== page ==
TIL: The skin contains three types of glands: two sweat glands and one that secretes an oily substance called sebum. This third secretion is released by a holocrine gland which emits its cargo by literally filling up until it bursts. Accordingly, your skin perspires sweat, oil and cellular debris.

A bone marrow biopsy is not indicated for a stage 2 Hodgkin's lymphoma patient (hopefully the fellow learned this too!).

When a cranial suture (the border between bones of dome of the head) fuses earlier than normal in a child, the head will elongate in the direction parallel to the suture. This is called craniosynostosis and doesn't usually cause and neurological deficits directly. But because children aren't generally as nice to a kid with a noticeably oblong head, if the defect was not corrected the child is almost certain to suffer socially and subsequently educationally.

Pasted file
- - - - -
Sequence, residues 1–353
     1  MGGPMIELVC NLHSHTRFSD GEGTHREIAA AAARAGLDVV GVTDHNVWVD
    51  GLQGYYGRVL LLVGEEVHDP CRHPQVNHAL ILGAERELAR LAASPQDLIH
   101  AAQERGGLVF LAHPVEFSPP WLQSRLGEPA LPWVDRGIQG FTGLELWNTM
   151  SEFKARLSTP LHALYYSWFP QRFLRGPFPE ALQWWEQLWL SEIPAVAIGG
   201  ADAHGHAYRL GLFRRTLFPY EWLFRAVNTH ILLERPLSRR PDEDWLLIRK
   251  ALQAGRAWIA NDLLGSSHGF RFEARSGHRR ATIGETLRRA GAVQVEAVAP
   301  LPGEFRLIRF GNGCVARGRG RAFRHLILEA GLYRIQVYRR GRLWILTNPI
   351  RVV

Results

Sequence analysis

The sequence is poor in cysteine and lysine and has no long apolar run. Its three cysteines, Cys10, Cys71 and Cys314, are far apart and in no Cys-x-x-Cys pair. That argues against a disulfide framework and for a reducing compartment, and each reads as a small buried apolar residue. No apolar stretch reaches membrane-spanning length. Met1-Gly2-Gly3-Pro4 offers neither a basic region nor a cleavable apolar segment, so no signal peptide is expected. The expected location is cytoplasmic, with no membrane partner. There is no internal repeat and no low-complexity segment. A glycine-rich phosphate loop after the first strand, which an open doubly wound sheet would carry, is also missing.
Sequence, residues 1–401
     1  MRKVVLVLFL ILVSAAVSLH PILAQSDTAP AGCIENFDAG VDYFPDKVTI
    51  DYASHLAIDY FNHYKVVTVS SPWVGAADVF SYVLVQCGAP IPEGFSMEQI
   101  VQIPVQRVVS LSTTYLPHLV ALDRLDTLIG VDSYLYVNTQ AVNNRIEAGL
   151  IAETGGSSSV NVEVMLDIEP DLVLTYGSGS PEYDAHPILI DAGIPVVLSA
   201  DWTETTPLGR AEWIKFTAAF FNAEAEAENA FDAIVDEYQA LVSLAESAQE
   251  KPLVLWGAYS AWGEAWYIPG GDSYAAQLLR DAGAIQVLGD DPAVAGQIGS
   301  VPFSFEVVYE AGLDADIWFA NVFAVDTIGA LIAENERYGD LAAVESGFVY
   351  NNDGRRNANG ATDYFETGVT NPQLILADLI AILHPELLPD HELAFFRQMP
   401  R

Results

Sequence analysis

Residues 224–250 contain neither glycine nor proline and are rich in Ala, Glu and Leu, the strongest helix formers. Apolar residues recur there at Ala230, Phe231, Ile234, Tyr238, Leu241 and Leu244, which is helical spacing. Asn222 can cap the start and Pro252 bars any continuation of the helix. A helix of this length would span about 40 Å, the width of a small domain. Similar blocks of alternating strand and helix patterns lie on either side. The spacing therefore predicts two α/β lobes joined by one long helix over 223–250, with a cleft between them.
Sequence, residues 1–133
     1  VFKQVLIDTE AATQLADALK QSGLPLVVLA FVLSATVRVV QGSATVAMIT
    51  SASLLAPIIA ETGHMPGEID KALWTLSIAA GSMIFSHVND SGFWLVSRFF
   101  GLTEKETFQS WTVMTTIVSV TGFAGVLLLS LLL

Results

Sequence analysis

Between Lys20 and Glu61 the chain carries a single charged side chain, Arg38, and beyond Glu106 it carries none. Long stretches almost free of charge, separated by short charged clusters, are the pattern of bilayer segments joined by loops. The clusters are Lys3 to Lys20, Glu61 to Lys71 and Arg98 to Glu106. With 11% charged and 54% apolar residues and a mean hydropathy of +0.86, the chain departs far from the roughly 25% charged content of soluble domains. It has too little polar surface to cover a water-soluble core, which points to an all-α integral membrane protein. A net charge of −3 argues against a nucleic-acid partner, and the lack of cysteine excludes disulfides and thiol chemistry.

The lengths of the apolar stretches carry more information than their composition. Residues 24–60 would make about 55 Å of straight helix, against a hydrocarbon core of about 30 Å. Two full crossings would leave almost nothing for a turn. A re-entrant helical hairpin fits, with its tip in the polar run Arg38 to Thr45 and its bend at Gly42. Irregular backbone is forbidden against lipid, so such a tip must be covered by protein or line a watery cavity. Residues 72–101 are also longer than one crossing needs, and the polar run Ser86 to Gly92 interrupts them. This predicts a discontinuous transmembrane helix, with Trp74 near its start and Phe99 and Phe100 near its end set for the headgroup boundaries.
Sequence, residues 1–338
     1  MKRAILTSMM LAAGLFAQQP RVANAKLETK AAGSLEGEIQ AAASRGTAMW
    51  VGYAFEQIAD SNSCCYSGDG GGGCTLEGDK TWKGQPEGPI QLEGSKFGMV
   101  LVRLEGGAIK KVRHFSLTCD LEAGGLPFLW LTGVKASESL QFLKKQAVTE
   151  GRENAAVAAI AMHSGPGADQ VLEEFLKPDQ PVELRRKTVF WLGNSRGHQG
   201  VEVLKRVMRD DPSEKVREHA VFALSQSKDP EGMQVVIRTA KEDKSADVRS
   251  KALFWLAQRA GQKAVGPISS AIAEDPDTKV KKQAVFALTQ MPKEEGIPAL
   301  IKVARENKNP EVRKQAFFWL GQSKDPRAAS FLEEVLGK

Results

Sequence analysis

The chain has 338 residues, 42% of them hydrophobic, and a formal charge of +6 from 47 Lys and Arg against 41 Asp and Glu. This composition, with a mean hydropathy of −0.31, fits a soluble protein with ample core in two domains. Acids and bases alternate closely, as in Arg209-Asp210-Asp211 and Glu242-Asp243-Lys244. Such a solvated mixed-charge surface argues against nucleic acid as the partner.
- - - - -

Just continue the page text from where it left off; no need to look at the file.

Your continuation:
Young children recover extremely well from cranial surgery thanks to their still-developing skeleton. A 6-month old could have the entire surface of the skull removed and grow it back within weeks.

Neurosurgery before good imaging techniques were invented used to be described thusly: For a hobby you can either do fishing, hunting or neurosurgery. Your prey never survives, but at least you can have some fun.

*For those unfamiliar with the ridiculously complicated nomenclature for students of medical education:

  • 1st-2nd year of medical school → medical student
  • 3rd-4th year of medical school → medical student/sub-intern
  • 1st year of residency → intern and/or doctor
  • 2nd-6th year of residency (usually 3-4 years) → resident and/or doctor